Bee stings can produce reactions ranging from local swelling, redness and pain, to a systemic reaction which can include hives, swelling away from the site of the sting, shortness of breath, or loss of consciousness.
A systemic reaction is called Anaphylaxis and may be life-threatening.
Wasps, honeybees, yellow jackets, and hornets can cause allergic reactions.
Patients who have a history of a systemic reaction to bee stings are considered candidates for desensitization via Venom Immunotherapy (allergy shots).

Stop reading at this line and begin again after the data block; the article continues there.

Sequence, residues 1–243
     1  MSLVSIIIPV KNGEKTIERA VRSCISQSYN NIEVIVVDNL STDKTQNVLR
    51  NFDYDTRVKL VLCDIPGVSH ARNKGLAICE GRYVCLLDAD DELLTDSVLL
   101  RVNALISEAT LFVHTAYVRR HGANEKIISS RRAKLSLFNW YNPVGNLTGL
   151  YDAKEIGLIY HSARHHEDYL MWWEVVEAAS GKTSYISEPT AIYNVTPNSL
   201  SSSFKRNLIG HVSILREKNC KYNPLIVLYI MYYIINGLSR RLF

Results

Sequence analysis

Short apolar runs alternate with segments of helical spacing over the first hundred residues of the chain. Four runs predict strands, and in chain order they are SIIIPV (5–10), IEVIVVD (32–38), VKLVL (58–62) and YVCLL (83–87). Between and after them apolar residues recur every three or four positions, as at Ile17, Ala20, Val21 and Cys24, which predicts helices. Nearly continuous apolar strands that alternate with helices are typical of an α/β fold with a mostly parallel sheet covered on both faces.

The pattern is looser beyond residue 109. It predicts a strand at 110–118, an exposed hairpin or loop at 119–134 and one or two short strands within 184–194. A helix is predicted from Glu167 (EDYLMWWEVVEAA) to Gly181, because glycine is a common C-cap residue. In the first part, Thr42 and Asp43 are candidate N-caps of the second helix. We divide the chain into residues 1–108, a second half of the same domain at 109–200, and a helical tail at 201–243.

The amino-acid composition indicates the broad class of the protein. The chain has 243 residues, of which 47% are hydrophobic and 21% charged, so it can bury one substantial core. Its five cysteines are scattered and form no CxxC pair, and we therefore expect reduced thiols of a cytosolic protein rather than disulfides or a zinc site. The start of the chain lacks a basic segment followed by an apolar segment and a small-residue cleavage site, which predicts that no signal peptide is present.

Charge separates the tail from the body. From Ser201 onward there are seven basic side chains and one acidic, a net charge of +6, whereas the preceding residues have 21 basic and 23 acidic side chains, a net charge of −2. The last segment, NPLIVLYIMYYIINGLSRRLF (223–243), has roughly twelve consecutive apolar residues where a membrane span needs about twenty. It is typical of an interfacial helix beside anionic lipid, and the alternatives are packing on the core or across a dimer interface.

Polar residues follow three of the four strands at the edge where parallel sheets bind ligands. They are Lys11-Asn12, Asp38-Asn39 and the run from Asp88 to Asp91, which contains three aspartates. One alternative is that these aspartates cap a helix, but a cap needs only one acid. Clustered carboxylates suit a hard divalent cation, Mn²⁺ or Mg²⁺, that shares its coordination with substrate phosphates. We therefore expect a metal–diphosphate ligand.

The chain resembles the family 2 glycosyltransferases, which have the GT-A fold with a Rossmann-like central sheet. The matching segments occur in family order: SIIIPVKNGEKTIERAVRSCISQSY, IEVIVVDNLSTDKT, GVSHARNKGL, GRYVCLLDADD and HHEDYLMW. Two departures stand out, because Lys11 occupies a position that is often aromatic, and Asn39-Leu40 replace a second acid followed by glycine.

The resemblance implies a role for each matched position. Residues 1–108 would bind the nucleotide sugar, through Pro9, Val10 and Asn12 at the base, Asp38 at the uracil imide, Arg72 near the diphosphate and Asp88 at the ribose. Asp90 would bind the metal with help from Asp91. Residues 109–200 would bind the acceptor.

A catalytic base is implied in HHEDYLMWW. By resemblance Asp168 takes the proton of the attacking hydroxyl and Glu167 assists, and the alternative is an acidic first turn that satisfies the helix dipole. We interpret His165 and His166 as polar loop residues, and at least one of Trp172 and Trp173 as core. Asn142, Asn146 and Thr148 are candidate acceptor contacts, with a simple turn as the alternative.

The evaluation includes blood (ImmunoCAP) testing followed by skin testing if necessary. Venom Immunotherapy is considered 96% effective in preventing future systemic reactions to bee stings.
Patients who suspect or have a known bee sting allergy need to carry diphenhydramine (Benadryl) and an epinephrine auto-injector (i.e. EpiPen or Auvi-Q). These medications are required to treat a severe life-threatening allergic reaction to a bee sting.
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